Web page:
Date of Award


Degree Type


Degree Name

Master of Arts in Psychology


Behavioral Sciences



First Advisor

Robert Laforge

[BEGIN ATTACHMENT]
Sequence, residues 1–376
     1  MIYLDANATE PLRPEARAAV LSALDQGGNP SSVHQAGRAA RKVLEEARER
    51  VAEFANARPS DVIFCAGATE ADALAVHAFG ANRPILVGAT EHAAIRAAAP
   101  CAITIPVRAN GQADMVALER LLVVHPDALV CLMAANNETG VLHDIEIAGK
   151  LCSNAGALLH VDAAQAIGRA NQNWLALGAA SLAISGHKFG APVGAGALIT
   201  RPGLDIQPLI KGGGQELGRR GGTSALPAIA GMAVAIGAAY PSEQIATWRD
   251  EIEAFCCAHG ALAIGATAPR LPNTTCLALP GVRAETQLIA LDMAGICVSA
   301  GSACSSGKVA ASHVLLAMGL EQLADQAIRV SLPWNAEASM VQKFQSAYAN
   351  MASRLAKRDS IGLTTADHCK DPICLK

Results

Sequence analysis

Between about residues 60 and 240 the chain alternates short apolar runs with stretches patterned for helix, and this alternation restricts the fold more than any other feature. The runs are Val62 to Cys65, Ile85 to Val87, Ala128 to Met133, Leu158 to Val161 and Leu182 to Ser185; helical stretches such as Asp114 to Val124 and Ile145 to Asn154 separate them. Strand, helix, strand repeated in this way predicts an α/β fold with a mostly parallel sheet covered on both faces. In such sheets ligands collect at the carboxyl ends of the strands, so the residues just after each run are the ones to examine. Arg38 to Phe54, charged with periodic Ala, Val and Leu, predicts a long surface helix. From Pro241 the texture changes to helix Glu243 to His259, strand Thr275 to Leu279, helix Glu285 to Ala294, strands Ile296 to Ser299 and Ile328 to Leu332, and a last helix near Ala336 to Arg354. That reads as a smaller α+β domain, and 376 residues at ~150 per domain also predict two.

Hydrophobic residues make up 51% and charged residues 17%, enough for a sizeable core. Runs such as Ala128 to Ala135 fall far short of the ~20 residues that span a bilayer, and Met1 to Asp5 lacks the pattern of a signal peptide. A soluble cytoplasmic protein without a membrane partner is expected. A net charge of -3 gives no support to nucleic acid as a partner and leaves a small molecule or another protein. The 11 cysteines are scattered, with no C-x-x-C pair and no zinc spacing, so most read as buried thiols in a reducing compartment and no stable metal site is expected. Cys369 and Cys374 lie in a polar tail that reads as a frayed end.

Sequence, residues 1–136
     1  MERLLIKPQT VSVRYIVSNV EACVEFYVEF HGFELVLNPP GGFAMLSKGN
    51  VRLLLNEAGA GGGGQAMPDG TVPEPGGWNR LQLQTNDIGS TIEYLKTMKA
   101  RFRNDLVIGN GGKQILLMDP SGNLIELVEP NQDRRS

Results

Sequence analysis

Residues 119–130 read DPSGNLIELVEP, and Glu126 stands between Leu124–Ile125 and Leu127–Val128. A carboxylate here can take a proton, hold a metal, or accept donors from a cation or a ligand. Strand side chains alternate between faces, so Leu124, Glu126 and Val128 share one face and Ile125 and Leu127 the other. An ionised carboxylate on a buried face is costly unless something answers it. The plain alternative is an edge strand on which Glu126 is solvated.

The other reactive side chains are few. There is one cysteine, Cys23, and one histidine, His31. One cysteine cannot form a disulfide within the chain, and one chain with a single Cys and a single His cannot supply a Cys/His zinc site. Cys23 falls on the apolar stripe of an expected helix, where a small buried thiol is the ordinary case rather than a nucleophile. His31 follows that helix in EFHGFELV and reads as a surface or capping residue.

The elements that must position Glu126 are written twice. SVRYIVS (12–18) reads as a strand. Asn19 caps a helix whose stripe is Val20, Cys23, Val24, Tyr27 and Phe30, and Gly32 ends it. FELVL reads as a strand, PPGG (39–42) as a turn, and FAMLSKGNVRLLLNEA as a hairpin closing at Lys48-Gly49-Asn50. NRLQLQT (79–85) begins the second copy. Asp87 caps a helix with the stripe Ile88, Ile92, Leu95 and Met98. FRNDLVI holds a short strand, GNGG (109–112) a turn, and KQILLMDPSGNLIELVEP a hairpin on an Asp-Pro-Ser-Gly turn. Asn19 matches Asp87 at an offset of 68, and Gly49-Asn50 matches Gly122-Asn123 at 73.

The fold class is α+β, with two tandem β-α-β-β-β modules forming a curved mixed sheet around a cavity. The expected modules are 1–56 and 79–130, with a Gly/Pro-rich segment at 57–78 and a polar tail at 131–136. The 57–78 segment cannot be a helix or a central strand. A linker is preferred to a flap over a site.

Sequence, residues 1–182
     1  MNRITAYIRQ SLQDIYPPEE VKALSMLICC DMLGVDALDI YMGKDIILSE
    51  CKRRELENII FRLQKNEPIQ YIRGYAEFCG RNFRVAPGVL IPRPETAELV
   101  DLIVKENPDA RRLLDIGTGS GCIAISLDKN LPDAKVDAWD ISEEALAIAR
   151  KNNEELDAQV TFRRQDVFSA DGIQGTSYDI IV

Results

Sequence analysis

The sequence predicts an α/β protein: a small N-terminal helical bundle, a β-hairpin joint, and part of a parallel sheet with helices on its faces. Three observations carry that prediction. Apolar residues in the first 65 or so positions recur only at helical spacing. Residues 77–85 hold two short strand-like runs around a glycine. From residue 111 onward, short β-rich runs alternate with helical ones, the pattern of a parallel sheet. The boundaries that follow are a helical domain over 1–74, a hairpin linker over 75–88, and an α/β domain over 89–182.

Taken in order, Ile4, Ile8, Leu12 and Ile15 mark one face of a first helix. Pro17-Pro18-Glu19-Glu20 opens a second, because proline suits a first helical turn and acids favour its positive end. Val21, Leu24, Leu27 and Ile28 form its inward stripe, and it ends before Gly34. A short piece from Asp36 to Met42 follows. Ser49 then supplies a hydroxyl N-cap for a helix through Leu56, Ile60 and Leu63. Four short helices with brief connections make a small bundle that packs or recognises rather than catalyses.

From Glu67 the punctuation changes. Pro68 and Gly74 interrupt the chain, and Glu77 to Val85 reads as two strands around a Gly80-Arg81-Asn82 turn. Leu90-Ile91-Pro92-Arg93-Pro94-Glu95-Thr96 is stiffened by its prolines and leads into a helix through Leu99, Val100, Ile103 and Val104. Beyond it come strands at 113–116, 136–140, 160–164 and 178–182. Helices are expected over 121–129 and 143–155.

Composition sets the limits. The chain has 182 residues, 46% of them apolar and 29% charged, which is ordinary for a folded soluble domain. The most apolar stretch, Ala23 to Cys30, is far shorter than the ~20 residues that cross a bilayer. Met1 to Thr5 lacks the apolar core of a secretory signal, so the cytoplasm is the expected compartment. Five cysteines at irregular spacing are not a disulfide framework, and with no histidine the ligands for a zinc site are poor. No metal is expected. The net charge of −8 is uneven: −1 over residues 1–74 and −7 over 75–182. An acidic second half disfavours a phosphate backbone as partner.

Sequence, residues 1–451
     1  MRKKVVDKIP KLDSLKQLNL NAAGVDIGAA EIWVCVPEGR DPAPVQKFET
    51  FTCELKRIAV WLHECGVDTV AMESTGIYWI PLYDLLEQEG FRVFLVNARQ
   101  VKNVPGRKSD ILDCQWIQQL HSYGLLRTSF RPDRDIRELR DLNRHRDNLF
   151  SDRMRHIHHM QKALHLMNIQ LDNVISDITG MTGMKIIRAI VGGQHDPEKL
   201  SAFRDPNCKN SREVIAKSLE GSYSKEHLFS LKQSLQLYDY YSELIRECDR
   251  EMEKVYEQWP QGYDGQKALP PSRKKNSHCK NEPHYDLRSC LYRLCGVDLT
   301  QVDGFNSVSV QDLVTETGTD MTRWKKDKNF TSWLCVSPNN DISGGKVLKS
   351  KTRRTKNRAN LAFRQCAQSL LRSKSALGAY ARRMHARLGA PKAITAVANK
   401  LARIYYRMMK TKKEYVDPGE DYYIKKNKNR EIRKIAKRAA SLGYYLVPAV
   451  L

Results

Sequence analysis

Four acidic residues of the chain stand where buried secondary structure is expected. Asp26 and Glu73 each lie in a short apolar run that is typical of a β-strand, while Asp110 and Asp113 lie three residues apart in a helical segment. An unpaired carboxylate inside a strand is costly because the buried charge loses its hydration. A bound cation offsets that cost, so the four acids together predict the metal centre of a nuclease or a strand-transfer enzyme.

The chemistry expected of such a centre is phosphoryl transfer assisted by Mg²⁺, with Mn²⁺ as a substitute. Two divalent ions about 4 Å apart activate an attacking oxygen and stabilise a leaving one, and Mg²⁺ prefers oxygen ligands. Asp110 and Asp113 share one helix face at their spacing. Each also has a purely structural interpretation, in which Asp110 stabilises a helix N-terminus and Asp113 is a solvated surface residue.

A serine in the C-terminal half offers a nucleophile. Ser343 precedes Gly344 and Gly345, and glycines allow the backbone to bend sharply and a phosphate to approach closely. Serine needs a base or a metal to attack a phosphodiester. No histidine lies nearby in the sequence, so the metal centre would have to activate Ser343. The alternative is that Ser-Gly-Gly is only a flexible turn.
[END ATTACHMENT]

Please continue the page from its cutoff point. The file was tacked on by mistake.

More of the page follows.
The present study sought to examine the relationship between self-compassion (SC) and disordered eating behavior (DEB) in a racially diverse all female sample (N = 374). As the factor structure of the self-compassion scale (SCS) has been criticized for being unstable, we first evaluated the best fitting model in the present sample. The SCS is comprised of 26 items and six subscales that measure positive and negative aspects of SC (i.e. self-kindness and self-judgement). Confirmatory Factor Analyses revealed a two-factor conceptualization fit the data best, indicating that both the positive and negative items measure distinct factors better than an overall self-compassion construct. These factors (referred to as self-compassionate and self-critical) were then used to operationalize self-compassion in further analyses. Linear regression analysis found that the self-compassionate subscale is in general positively related to disordered eating behavior, however the size that relationship is moderated by the individual’s self-criticism score. Interaction probing found that higher scores on the self-criticism scale augmented the size of effect of self-compassion on disordered eating behavior. For example, for those scoring one standard deviation (SD) above the mean of the self-criticism scale, self-compassion is associated with a 3% increase in disordered eating score for every point of increase on the self-compassion scale. For those with lower levels of the self-criticism -- such as for those scoring one SD below the mean of the self-criticism – a one-point increase on the self-compassionate subscale was related to a 1% increase in the disordered eating score. Follow up moderation analyses examining the effects of body shame, body surveillance, and body satisfaction were also conducted. These results revealed that body shame acted as a confound, instead of a moderator, while body satisfaction partially moderated and body surveillance fully moderated the relationship between self-compassion and disordered eating across levels of self-criticism. Unit increases in self-compassion predicted the greatest increase in disordered eating when body image satisfaction and self-criticism were both one SD above the mean (5% increase). There were only two probed interactions out of 24 that were nonsignificant: low self-criticism x low body surveillance and low self-criticism x body satisfaction.



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